I doubt it surprises anyone, but my excitement for Unchained Blades stems from my love of the game’s soundtrack, which was released last year. While it features a main theme by Nobuo Uematsu that sounds a lot like Iron Chef, the true star is Tsutomu Narita. He has crafted an amazing soundtrack that combines modern instrumentation with fantastic melodies that will remind you of some of your favorite SNES-era RPG soundtracks.
After getting some hands-on time with the game, I can tell you this is an RPG for hardcore gamers. Prepare for a long and incredibly challenging adventure full of memorable characters and an interesting story. There’s a lot going on in this game, so let’s dig in.
First, the premise. Unchained Blades takes place in a world where people are granted a single wish if they can complete a trial and reach the Goddess Clunea. Our main protagonist, Fang, the emperor of dragons, approaches Clunea without a wish, but rather a demand that she divulge the name of the strongest creature in the land so he can defeat the beast and take the title for himself. Offended by Fang’s arrogance and bad attitude, she banishes him and strips him of his dragon powers. Now, bent on revenge, Fang acquires allies and explores massive titans that litter the land in search of powers to help him reach the Goddess once again and exact his revenge.
As it turns out, Fang is only the protagonist of one of the game’s four chapters. Each chapter features a different cast of characters, all of whom are beautifully animated and voiced (at least from what we heard today, the quality of some of the voice-acted story bits have been questioned).
We were also introduced to Hector, a golem who wants to reach Clunea to wish for a human form (apparently his golem form is too big and intimidating for his liking), Lapis, a medusa who wants to be rid of her curse of turning people to stone (she has clothing that covers the snakes on her head), and Mari, whose motives are unknown. All of these characters come together in the final chapter for what’s been promised to be an epic finale.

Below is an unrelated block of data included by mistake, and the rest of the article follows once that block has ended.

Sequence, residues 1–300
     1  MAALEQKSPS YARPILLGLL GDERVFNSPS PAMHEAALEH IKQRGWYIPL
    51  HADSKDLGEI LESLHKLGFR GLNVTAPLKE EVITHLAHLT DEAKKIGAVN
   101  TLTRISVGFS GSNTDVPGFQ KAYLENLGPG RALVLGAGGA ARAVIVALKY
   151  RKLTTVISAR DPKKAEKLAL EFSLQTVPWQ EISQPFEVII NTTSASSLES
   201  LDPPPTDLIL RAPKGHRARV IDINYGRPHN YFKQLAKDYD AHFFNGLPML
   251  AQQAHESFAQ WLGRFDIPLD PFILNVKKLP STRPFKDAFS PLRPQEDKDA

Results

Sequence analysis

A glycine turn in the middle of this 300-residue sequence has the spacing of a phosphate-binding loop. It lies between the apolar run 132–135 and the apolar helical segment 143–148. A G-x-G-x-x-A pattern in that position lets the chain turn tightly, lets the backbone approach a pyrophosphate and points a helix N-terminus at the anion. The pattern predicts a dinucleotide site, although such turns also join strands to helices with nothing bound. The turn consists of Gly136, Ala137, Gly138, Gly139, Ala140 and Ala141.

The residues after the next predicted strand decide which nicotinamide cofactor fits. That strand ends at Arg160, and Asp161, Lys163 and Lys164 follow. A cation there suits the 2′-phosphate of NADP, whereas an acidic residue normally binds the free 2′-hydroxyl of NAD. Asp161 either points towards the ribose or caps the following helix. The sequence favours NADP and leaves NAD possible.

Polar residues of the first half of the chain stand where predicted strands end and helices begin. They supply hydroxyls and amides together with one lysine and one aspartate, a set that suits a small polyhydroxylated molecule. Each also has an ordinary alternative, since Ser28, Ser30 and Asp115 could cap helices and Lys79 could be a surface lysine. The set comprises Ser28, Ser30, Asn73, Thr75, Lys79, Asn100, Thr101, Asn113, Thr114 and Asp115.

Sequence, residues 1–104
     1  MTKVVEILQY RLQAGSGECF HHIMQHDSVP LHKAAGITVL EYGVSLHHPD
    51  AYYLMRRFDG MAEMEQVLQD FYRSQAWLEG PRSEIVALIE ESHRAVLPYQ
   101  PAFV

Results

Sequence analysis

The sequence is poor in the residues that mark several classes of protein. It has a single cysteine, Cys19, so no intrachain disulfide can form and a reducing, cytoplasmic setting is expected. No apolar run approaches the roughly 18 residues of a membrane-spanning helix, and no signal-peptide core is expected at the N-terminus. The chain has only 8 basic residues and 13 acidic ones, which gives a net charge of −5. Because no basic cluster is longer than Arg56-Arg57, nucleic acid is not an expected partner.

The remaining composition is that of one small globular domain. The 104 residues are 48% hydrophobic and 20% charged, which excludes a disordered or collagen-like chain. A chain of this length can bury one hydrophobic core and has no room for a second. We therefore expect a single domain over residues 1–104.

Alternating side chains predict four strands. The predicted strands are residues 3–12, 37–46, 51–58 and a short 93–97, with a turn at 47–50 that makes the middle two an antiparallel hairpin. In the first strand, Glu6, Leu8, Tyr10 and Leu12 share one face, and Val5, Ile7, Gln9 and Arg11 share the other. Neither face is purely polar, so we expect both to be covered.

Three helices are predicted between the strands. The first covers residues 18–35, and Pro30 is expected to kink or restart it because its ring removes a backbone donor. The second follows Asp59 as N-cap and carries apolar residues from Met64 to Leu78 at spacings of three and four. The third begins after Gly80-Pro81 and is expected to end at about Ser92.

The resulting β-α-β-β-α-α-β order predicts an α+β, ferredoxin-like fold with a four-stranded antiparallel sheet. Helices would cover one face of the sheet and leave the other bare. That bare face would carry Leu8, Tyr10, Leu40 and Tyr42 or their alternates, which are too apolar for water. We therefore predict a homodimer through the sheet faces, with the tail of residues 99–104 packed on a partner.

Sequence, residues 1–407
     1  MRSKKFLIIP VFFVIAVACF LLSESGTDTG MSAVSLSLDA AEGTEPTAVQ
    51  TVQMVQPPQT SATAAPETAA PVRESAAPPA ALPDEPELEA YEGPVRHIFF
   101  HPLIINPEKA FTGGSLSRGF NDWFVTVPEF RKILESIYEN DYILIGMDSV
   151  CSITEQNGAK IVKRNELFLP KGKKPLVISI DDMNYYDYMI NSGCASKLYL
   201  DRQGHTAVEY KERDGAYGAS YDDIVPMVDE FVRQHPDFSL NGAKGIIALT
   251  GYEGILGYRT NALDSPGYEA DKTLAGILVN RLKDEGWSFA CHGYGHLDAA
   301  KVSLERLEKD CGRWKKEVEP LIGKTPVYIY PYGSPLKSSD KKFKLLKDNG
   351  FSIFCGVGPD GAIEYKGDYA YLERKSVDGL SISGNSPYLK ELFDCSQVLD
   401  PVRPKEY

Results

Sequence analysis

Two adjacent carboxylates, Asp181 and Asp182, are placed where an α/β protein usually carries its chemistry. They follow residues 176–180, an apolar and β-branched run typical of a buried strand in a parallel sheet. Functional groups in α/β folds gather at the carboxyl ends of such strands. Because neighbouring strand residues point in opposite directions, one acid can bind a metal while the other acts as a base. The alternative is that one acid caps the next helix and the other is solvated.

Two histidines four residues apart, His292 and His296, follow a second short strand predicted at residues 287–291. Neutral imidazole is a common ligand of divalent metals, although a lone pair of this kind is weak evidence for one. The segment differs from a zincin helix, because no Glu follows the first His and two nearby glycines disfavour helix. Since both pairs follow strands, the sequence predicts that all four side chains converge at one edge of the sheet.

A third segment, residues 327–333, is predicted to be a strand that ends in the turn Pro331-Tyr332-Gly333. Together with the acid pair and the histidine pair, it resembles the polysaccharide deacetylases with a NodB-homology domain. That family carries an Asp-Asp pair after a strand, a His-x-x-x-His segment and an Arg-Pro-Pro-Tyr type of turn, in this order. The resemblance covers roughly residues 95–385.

In terms of what you’ll see, towns are navigated through a menu, allowing players to interact with NPCs and perform a variety of fetch and monster-hunt quests that reveal some backstory about the game world and the characters that inhabit it. You can also craft items and stay at an inn operated by a strange half man, half woman doll.
Dungeon exploration happens in first-person in a classic Wizardry-inspired style. Even strafing is intact. The dungeon we saw was the innards of the Titan of Daris, which had a fire theme, but other dungeons have water and desert themes to name a few. The dungeons are large with multiple floors with lots to explore. Fortunately there are shortcuts that are accessed as players progress to aid in exploration of the latter areas of a given dungeon. The 3DS version of Unchained Blades (it will also be released on PSP) will display a helpful map on the bottom screen as you’d expect. Players will encounter puzzles and enemy encounters as they proceed.
Battles happen in a separate screen, also in first person. One of the innovations here is that enemies can be placed in different positions, including head-on and to the side. There are spells and attacks that target different areas around the party, so this adds a strategic element to the battle system.
We were told that these battles are intended to be hard, and when first entering a dungeon, you’ll likely only be able to complete a few before needing to head back to town to heal up. You’ll eventually level up and be able to progress more rapidly, but be ready for what XSEED describes to us as a “punishingly difficult” experience.
The whole “Unchained” part of the game’s title comes from the fact that you can acquire enemies as followers. Most enemies can be unchained, and your chances improve as the enemy's health decreases. Each character can have up to three followers assigned, and benefits include attacks or healing during battle or stat increases.
Unchained Blades is a 50- to 60-hour adventure and is due out this year as a downloadable title for both the Nintendo 3DS and PlayStation Portable. Based on how great the soundtrack for this game is, I’d probably have played this anyway, but consider me sold after seeing it in action today. Unchained Blades seems to combine the nostalgia of classic first-person dungeon crawlers with a compelling cast of characters, some amazingly vibrant anime-style graphics, and one of the best handheld soundtracks of the year.
Have you been following Unchained Blades and have any thoughts about the game? Will you be picking it up later this year?
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3:00 PM on 12.15.2014